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Canaletto – Venice: The Basin of San Marco on Ascension Day (about 1740)

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Canaletto – Venice: A Regatta on the Grand Canal (about 1740)

The first painting is of a place I’ve visited several times and I’ve been fortunate enough to take a few trips across this very stretch of water – admiring the tower of San Marco in Venice with the Doges Palace (the pink building) in front of it – over the years. The second painting is also a scene from my travels but what struck me more was its extraordinary detail. All of the people seemed to mill around and the intricacy of the architecture and decoration on the boats made this scene come alive in a cacophony of colour and apparent movement.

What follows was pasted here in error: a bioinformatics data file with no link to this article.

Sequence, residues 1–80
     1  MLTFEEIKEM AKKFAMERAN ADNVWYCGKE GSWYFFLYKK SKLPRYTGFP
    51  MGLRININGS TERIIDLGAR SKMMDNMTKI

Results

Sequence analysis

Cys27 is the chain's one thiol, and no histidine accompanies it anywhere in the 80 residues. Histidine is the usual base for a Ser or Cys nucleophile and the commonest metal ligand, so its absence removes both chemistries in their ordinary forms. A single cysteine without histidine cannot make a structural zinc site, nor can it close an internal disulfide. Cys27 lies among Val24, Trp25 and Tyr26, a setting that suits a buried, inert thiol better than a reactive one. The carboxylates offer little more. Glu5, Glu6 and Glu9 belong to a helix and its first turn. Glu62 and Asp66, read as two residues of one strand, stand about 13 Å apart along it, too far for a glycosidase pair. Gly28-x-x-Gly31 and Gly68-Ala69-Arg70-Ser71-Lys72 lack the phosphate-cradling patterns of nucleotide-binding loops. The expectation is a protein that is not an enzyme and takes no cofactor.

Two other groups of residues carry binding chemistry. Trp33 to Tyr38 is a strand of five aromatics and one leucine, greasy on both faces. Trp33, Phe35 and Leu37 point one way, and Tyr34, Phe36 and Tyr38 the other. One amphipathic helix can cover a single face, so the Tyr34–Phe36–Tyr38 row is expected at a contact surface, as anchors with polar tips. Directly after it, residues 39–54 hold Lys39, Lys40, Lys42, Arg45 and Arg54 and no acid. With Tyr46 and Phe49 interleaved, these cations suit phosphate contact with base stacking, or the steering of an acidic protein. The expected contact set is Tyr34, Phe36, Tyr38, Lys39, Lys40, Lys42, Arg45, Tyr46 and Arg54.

What I thought was interesting was that these paintings looked bland when I saw them from a distance and it was only when I stood up close that they came alive. I returned to look at them again before I left – I was awestruck by the skill Canaletto must have had to create these in such wonderful detail.

As I wandered aimlessly through each room, I enjoyed Constable‘s peaceful country scene in The Hay Wain…

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John Constable – The Hay Wain (1821)

…and was delighted to see a less flowery side of Claude Monet. While I love his Water Lilies and have been to Giverny to see both his studio and the glorious garden that inspired him, I found myself enchanted by the moodiness in this depiction of the Gare St-Lazare.

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Claude Monet – Gare St-Lazare (1877)